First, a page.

Following an hour-long set, Case returned for an extended encore that, had the fans had their way would have never ended but as it was, ran the show to a good 90 minutes. And as undeniably special as the whole performance was, they managed to take it just that little bit further when Garth Hudson joined them on accordion for the final two songs. A fitting finale to an unbelievable night of music. And if you were one of the many who weren’t able to get tickets to the show, take heart – Neko announced during the show that they’d be returning in July for another show at Massey Hall. No, the Old Lady of Shuter Street isn’t as intimate as Trinity, but it’s hosted a good show or two in its time. Expect even more magic.
Photos: Neko Case, Crooked Fingers @ Trinity-St. Paul’s – April 18, 2009
MP3: Neko Case – “Middle Cyclone”
MP3: Neko Case – “People Got A Lotta Nerve”
MP3: Neko Case – “Hold On, Hold On”
MP3: Neko Case – “Star Witness”
MP3: Neko Case – “If You Knew”
MP3: Crooked Fingers – “Phony Revolutions”
MP3: Crooked Fingers – “Call To Love”
MP3: Crooked Fingers – “Big Darkness”
MP3: Crooked Fingers – “Devil’s Train”
MP3: Crooked Fingers – “New Drink For The Old Drunk”
MP3: Eric Bachmann – “Lonesome Warrior”
MP3: Eric Bachmann – “Carrboro Woman”
Video: Neko Case – “People Got A Lotta Nerve”
Video: Neko Case – “Maybe Sparrow”
Video: Neko Case – “Furnace Room Lullabye”
Video: Crooked Fingers – “Let’s Not Pretend (To Be New Men)”
Video: Crooked Fingers – “New Drink For The Old Drunk”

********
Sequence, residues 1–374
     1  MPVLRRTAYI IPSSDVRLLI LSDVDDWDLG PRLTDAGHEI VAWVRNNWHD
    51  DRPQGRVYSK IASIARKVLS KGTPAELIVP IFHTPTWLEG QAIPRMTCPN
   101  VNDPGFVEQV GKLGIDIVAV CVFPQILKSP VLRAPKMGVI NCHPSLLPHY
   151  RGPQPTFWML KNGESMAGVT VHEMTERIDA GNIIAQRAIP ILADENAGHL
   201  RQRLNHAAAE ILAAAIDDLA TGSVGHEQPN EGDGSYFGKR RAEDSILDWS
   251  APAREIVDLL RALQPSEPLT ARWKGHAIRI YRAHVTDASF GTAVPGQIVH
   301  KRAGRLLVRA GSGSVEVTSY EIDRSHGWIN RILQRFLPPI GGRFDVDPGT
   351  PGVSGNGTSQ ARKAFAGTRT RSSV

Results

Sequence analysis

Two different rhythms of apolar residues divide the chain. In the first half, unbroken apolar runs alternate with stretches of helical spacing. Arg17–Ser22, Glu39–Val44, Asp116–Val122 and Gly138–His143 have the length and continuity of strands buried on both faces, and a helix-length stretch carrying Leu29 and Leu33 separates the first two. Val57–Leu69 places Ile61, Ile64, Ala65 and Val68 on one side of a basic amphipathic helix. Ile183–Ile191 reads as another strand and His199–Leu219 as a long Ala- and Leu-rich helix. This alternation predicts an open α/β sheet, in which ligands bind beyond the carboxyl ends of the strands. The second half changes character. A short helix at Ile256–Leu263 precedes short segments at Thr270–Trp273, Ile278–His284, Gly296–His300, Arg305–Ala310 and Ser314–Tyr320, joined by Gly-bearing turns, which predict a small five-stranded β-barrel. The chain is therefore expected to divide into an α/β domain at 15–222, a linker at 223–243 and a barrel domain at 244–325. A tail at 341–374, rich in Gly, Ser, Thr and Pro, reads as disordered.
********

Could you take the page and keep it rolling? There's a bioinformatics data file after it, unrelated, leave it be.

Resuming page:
Video: Eric Bachmann – “Man O’War”
Video: Eric Bachmann – “Lonesome Warrior”
MySpace: Neko Case
MySpace: Crooked Fingers
Toronto has been waiting some time for Fleet Foxes to come back to town. Their only appearance so far was a year ago at the El Mocambo as support for Blitzen Trapper, just before their buzz meter went through the roof, and while well-attended it wasn’t nearly a sell-out. They were supposed to return as support for Stephen Malkmus at the Phoenix in July but cancelled due to exhaustion and haven’t made up the date, being far too busy topping almost every critic’s year-end list for 2008. The point of this ramble being that I’ve been playing a little game with myself trying to guess what size room they’ll play if/when they finally did return and, well, let’s just say the winning venue had never even crossed my mind. Fleet Foxes at Massey Hall in August. Yeah, seriously. Details still forthcoming, but wrap your head around that. There’s interviews with the band at The Times-Standard and The Times.
Spin talks to Wilco’s Jeff Tweedy about their new album – still title-less and release date-less – and Washington City Paper talks to the folks who put out the just-released Ashes Of American Flags DVD. Locals may note that there’s no Toronto on their just-announced Summer tour, but note that the July 19 date at Lewiston, New York is barely 90 minutes away if you’re one of those speed limit-observing types, just across the border north of Niagara Falls. So you can go, like, outlet shopping and then Wilco watching on the same day. Something to consider.
Iron & Wine will release their double-disc compilation of rarities Around The Well, on May 19 and SubPop has wisely chosen “The Trapeze Swinger” as the MP3 to provide gratis to generate interest. Wisely, because this song which originally appeared on the soundtrack for the 2004 Topher Grace vehicle (you’ll not likely ever hear THOSE words again), In Good Company is one of Sam Beam’s greatest musical creations and really, one of the most beautiful things I’ve heard in the past, well, maybe ever.
I think I’m all out of adjectives for the day.